Trail Riding

Trail Riding

Manuscript length: 2,000 to 2,500 words. Text should offer a travelogue detailing a horseback excursion into stunning country that readers would likely never have the opportunity to explore on their own. Alternately, the text can be written as a destination or travel piece, explaining unique riding opportunities in a specific locale.

Rodeo

Rodeo

Manuscript length: 2,000 to 2,500 words. Rodeo features can take several forms, including profiles of the current season’s top athletes from the high-school, college and professional circuits; nostalgic pieces profiling competitors from the past; or essays on the sport. Because of the magazine’s lead-time, result-oriented event coverage does not fit Western Horseman’s format.

Ranching

Ranching

Manuscript length: 2,000 to 3,000 words. Text should offer a thorough profile of a working ranch with a unique story to tell. Include information on the ranch’s founding and history, the family or families involved, ranch operations and, most importantly, the ranch’s use of horses. Thoroughly discuss the ranch’s bloodline preferences for horses, what the ranch looks for in working horses, the ranch’s horse-breeding program, and how horses are selected, started, trained and used.

Horse Care

Horse Care

Manuscript length: 1,500 to 2,000 words. Text should focus on one specific aspect of routine, everyday horse-health maintenance, or a common illness or injury, including at-home treatment regimens. Manuscripts on uncommon health issues are of less interest. Horse-care material should be produced with credible veterinarians with impeccable credentials. A source can be profiled in a brief (1-paragraph) biographical sidebar.

Freelance Submission Guidelines

Freelance Submission Guidelines


Western Horseman rarely accepts unsolicited manuscripts. In most cases, the editor assigns the magazine's content to staff writers or to a small group of professional freelance writers. Writers wishing to submit material to Western Horseman should begin the process by contacting the editor via e-mail (edit@westernhorseman.com), ground mail or fax. If the article fits Western Horseman's editorial schedule, the editor may ask the freelancer to produce a manuscript for review.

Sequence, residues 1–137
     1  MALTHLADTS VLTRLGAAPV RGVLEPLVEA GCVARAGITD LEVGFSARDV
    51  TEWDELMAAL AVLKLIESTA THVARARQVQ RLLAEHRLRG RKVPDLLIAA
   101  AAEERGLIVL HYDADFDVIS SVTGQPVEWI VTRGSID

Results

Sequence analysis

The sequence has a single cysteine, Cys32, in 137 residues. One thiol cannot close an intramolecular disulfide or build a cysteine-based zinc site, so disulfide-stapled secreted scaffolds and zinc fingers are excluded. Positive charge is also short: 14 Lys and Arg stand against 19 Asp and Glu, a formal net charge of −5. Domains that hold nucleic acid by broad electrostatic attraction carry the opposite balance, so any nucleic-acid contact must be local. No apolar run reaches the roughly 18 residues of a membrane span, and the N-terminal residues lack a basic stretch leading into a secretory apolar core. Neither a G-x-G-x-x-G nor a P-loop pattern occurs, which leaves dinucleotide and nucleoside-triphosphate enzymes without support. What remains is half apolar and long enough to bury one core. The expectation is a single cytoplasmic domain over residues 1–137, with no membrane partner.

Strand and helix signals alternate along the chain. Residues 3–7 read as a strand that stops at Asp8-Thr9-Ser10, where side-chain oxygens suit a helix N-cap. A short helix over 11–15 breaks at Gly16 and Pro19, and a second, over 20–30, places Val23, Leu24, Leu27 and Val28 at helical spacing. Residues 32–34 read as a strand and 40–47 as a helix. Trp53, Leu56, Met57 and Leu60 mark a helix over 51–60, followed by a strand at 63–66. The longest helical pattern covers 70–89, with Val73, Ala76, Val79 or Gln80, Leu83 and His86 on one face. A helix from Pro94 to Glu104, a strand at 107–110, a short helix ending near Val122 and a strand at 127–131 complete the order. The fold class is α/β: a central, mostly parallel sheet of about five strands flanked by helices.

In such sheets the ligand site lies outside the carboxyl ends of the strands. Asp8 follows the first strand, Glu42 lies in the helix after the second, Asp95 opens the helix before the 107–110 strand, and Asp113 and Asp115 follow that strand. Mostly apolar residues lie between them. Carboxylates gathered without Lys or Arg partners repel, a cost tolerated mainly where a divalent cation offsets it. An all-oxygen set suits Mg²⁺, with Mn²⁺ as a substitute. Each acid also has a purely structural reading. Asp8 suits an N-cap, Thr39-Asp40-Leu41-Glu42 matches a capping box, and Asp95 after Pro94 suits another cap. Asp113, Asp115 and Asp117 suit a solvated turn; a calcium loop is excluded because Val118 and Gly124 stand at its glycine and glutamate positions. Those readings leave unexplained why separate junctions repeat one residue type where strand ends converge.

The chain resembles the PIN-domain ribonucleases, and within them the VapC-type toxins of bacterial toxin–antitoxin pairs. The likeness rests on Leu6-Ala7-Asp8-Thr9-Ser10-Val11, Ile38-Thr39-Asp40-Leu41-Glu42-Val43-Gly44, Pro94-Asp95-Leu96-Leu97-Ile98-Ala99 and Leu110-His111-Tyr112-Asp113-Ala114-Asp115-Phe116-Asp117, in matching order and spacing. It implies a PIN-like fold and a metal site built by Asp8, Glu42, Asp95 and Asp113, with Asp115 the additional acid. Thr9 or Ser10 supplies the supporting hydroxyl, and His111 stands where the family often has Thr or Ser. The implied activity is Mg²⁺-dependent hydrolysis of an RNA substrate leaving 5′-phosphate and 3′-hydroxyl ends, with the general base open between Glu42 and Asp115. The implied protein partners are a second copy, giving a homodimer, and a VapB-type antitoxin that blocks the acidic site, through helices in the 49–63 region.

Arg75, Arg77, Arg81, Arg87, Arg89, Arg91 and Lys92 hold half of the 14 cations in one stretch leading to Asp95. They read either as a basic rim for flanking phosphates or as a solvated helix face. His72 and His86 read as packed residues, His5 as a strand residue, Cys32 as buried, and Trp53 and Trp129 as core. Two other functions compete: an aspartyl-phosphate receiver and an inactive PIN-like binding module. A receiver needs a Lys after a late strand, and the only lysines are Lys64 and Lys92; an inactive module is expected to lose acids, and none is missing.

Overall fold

In all cases, Western Horseman makes no commitment to publication or payment until the editor reviews the finished manuscript and photographs. Freelance articles are, therefore, written "on spec." When the editor approves the finished manuscript and photographs, a contract specifying payment will be sent to the writer. Western Horseman pays on acceptance and purchases first-time publication rights, as well as an option for one future use; remaining rights belong to the freelance contributor. Western Horseman cannot commit to publishing freelance material in specific issues. Even after purchasing rights to a manuscript, Western Horseman does not guarantee that the work will be published.

Manuscripts
Photography
Ranch/Cowboy Horsemanship
General Horsemanship
Horse Care
Tack
Ranching
Rodeo
Trail Riding
Personalities
Great Horses
Horse Breeds
History
Essays
Other Projects

General Horsemanship

General Horsemanship

Manuscript length: 1,500 to 2,000 words. Text should discuss one specific, practical, how-to topic for western riders. The material should be equally useful for competitive and non-competitive riders. Training material should emphasize practical, how-to info, and be produced with credible, nationally known horsemen with good reputations. Resulting features should be aimed at average riders, not beginners or novice competitors, and produced with the assumption that readers already have a grasp on the basics of horsemanship. Above all, keep the safety of the reader in mind while producing a training feature. Make sure the text and photos convey proper, safe methods. Ask the source to double-check his or her tack to be sure that photos will depict proper equipment adjustments. A source can be profiled in a brief (1-paragraph) biographical sidebar.